By Natalia Tamayo Gaviria, EL TIEMPO, April 17, 2023

(Translated by Eunice Gibson, CSN Volunteer Translator)

The President has arrived in New York. What will he do and who will be in his meetings in his weeklong trip?

Next Thursday, President Gustavo Petro will be received at the Oval Office in the White House by his United States counterpart, Joe Biden. This is the first time that the two Presidents will meet and talk about an agenda covering bilateral interests that also have to be acted on by Congress.

For that reason, Colombia’s President has organized meetings with Senators and Representatives from both the Republican and Democratic parties. They are the ones who ultimately approve the funds this country needs in order to continue with its peace, environment, and drug policies, the main subjects of the President’s trip to the U.S.

“The relationship between Colombia and the U.S. is between governments, not just a relationship between Presidents, in this case Biden and Petro, but including business owners, Members of Congress, and also other actors,” pointed out Mauricio Jaramillo Jassir, the political analyst.

The former United States diplomat and international consultant, Lawrence Gumbiner, explains that “Congress has a great deal of power in the bilateral relationship between Colombia and the United States, with political, but also financial, support. It has to approve the budget for assistance to Colombia, and that will consist of areas supporting the peace process, climate change, military coordination, and the war on drugs.”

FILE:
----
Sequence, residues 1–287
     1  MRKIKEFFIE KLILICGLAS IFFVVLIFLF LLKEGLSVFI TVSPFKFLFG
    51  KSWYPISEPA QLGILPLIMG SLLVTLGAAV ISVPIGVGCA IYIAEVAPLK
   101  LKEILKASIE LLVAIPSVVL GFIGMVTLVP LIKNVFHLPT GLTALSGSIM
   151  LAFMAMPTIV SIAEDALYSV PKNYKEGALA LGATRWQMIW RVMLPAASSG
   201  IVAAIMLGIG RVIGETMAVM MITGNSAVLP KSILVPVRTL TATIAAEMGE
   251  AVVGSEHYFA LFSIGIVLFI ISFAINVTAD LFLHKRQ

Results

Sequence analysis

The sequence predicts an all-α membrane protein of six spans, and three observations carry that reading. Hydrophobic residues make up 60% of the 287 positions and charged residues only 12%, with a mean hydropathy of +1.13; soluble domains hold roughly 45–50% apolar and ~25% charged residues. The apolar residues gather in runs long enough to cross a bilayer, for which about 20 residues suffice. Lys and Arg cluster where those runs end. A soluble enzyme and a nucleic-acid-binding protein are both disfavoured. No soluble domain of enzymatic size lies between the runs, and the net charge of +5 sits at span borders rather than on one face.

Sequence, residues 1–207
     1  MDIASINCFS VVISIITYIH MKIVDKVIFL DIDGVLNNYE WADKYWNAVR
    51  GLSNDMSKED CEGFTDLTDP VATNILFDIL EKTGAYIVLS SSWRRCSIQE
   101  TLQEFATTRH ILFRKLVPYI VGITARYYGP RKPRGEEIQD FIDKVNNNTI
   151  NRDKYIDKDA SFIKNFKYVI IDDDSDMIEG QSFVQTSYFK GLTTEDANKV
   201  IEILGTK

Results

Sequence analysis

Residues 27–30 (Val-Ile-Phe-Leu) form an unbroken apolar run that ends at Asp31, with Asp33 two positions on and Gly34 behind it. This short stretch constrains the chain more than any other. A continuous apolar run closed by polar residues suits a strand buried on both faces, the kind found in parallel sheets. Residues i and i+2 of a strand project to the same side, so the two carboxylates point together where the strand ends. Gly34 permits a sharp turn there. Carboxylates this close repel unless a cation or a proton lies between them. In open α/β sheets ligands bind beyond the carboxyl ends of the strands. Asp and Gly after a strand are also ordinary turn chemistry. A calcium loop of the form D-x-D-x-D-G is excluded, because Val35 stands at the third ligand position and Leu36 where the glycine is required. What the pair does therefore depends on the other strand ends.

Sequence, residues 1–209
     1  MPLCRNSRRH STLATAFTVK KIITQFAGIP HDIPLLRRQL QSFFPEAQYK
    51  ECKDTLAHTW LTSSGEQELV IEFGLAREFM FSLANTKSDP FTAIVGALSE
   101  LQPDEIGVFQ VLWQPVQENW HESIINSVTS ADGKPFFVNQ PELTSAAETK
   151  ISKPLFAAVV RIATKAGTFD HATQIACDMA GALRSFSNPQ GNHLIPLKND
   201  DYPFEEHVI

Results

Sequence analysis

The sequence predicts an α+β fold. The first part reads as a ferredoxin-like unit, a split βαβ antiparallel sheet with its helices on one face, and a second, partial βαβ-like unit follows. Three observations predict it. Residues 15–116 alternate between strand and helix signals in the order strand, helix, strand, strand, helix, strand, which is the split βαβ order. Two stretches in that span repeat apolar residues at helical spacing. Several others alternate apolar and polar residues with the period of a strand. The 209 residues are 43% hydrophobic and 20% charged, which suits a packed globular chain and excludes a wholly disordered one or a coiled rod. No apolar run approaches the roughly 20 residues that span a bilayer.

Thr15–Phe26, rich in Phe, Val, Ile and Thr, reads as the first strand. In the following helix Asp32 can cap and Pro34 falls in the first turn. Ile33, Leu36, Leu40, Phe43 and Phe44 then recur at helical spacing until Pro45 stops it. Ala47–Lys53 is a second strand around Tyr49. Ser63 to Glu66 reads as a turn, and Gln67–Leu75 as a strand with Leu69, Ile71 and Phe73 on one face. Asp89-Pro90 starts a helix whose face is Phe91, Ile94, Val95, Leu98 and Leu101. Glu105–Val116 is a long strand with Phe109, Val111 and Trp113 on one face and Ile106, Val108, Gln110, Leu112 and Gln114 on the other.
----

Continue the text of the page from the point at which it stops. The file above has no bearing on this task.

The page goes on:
Other issues that the President will bring up with Biden and the Members of Congress are energy transition, migration, and new opportunities for business and investment. In his quest for funding, Petro will also approach the private sector, which could be of assistance, for example, with Colombia’s goals for the reparation of the victims of the conflict.

This week, at the National Council for Peace, Reconciliation, and Co-existence, the President warned that the country does not have sufficient funds to indemnify the victims, and needs alternatives to help the people who have suffered first hand from the war.

Closely related agendas

According to Gumbiner’s explanation, peace and climate change are subjects on the agenda that won’t create big differences between the parties, as will be seen, for example, in the war on drugs and the new vision that Petro brought with him to the Presidency. “It’s strategic to focus the conversations on those areas,” added the former diplomat.